Lean Logistics Purchase To Aid Transport Options
HOLLAND — Brambles, an Australian firm with operations in 45 countries, has agreed to acquire LeanLogistics, a major provider of computerized transport and supply chain systems via the new business trend known as software-as-a-service.
Brambles announced it will pay $45 million in cash for LeanLogistics, which was founded here in 1999 and now employs 56. It will become part of Brambles’ CHEP division, which owns millions of pallets and containers leased throughout the United States to manufacturers, distributors and retailers for the shipment of products.
According to the Brambles Web site, CHEP is an acronym for Commonwealth Handling Equipment Pool, which Brambles acquired from the Australian Government in 1958. The pool included cranes, forklift trucks and standardized pallets left behind by U.S. forces at the end of World War II.
Dan Dershem, president and CEO of LeanLogistics, said joining CHEP would enable expansion of its technology to more customers across the U.S. and, in the future, to other countries. Dershem will continue to manage LeanLogistics, reporting to the group president of CHEP Americas, based in Florida.
Dershem said LeanLogistics was founded by him and Jeff Potts, Craig Hall, Andy Bass and Rick Tucker. Until its acquisition by Brambles, the privately held firm had been owned by the management team plus other shareholders in West Michigan.
Sale of LeanLogistics was to be finalized March 7 at CHEP offices in Florida.
The LeanLogistics goal is to help companies reduce shipping costs by connecting them to more than 4,000 carriers throughout the U.S., without those companies having to make a significant capital investment in office technology.
LeanLogistics developed transportation management software called LeanLogistics On-Demand TMS (transportation management system), which went online in 2001. The Web-based infrastructure was developed in partnership with Sun Microsystems. The customer sends its information to LeanLogistics, where it is integrated into the LeanLogistics Web-based transportation network. On-Demand TMS provides daily planning, execution, settlement and procurement functions, and is currently used to process five million shipments a year, representing more than $4 billion in annual freight charges.
"We've built a program for the supply chain that we actually host and operate on our customers' behalf," said Dershem, adding that LeanLogistics is using the business model known as “software as a service,” or SaaS. Rather than shipping software as a product to its customers for installation on their computers, the software actually resides in two LeanLogistics locations: one in Grand Rapids and one in Chicago.
Software as a service is a major new trend in the way software is sold. A growing number of tech companies use SaaS. Customers, particularly businesses, pay a fee for access to the software programs through the Web.
At the Morgan Stanley Technology Conference in San Francisco in early March, CFO Chris Liddell of Microsoft Corp. said, "Clearly, software as a service is going to be a bigger component of the business going forward."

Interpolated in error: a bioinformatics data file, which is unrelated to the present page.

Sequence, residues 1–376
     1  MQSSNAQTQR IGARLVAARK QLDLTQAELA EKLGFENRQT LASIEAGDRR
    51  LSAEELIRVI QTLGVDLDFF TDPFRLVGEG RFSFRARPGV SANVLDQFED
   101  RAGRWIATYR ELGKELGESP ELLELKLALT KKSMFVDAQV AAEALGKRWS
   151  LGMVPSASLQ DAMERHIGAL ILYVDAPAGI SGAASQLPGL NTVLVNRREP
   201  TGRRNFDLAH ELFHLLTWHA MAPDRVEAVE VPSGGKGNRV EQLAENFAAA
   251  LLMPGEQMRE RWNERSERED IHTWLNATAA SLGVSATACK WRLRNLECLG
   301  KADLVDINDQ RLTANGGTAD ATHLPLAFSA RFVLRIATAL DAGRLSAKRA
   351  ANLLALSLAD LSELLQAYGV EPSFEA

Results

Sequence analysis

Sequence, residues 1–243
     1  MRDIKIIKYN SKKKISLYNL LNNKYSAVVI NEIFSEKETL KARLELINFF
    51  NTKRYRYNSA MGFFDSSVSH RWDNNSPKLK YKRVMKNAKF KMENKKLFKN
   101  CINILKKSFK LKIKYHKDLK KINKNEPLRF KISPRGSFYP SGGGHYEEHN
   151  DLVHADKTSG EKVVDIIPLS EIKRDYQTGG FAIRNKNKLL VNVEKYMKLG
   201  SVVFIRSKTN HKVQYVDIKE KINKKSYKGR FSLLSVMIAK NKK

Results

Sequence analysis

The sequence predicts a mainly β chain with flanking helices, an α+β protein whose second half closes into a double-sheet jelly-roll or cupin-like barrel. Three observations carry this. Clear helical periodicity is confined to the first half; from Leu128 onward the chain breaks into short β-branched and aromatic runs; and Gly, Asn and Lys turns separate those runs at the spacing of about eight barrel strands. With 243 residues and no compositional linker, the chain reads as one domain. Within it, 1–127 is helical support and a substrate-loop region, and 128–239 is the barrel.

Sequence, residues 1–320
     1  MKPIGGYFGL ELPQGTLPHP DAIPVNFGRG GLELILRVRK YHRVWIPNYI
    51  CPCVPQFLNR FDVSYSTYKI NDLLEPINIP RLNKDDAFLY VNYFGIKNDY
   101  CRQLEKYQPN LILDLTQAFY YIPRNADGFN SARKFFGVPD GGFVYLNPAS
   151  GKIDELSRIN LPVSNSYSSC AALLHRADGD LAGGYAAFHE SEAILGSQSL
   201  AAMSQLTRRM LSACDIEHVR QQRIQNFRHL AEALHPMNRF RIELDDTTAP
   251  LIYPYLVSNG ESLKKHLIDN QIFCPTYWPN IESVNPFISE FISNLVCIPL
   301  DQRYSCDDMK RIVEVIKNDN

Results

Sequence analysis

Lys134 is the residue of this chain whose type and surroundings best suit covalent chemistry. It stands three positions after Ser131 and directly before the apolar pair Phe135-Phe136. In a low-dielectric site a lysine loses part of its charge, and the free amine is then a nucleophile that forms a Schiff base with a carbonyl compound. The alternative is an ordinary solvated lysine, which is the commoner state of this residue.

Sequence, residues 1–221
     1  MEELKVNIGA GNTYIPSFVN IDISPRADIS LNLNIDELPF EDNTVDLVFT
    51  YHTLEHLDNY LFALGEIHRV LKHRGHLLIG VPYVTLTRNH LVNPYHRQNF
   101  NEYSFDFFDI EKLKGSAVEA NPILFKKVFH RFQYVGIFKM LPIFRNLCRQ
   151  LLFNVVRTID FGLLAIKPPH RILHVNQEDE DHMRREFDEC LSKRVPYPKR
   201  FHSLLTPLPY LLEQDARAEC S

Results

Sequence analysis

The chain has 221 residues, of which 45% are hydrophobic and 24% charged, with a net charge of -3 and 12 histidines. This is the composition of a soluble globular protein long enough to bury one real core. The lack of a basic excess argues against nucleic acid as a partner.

In 2006, LeanLogistics introduced its Managed Transportation Services, a customized combination of On-Demand TMS software and business information that enables customers to outsource transportation-related activities while retaining strategic relationships and contracts.
Dershem said LeanLogistics had been "hiring quite a bit" lately. About a third of its employees are technology experts; the rest are logistics professionals.
LeanLogistics’ first client was Meijer Inc. Today, LeanLogistics serves more than 40 major corporations in addition to Meijer, including Procter & Gamble, Unilever, Pepsi Americas, Barilla America, Bay Valley Foods, Chiquita, Johnsonville Foods, Pinnacle Foods, Otis Spunkmeyer and the Kellogg Co.
CHEP has more than 7,700 employees and operates in 44 countries, offering pallet and container pooling services to many of the world's largest companies. It tracks movements of 92 million pallets in the U.S. at more than 21,000 locations every day, according to Brambles CEO Mike Ihlein.
CHEP spokesperson Ronald Margulis said CHEP has a huge database of product container movements.
"Across the (transportation) network, they know where that product is at any given time," said Margulis.
If a company requests it, CHEP can even track individual pallets with the use of a tiny radio frequency identification chip inside the pallet.
Kevin Shuba, group president of CHEP operations in the U.S., said CHEP can now offer LeanLogistics customers "the ability to optimize transport routes and reduce empty transport miles by using the most efficient transport provider available."
According to Margulis, "The biggest taboo in transportation these days is empty miles" — meaning semi-trailers being moved while empty, after delivering a load. The LeanLogistics network can quickly direct an empty trailer to another load ready for pickup nearby.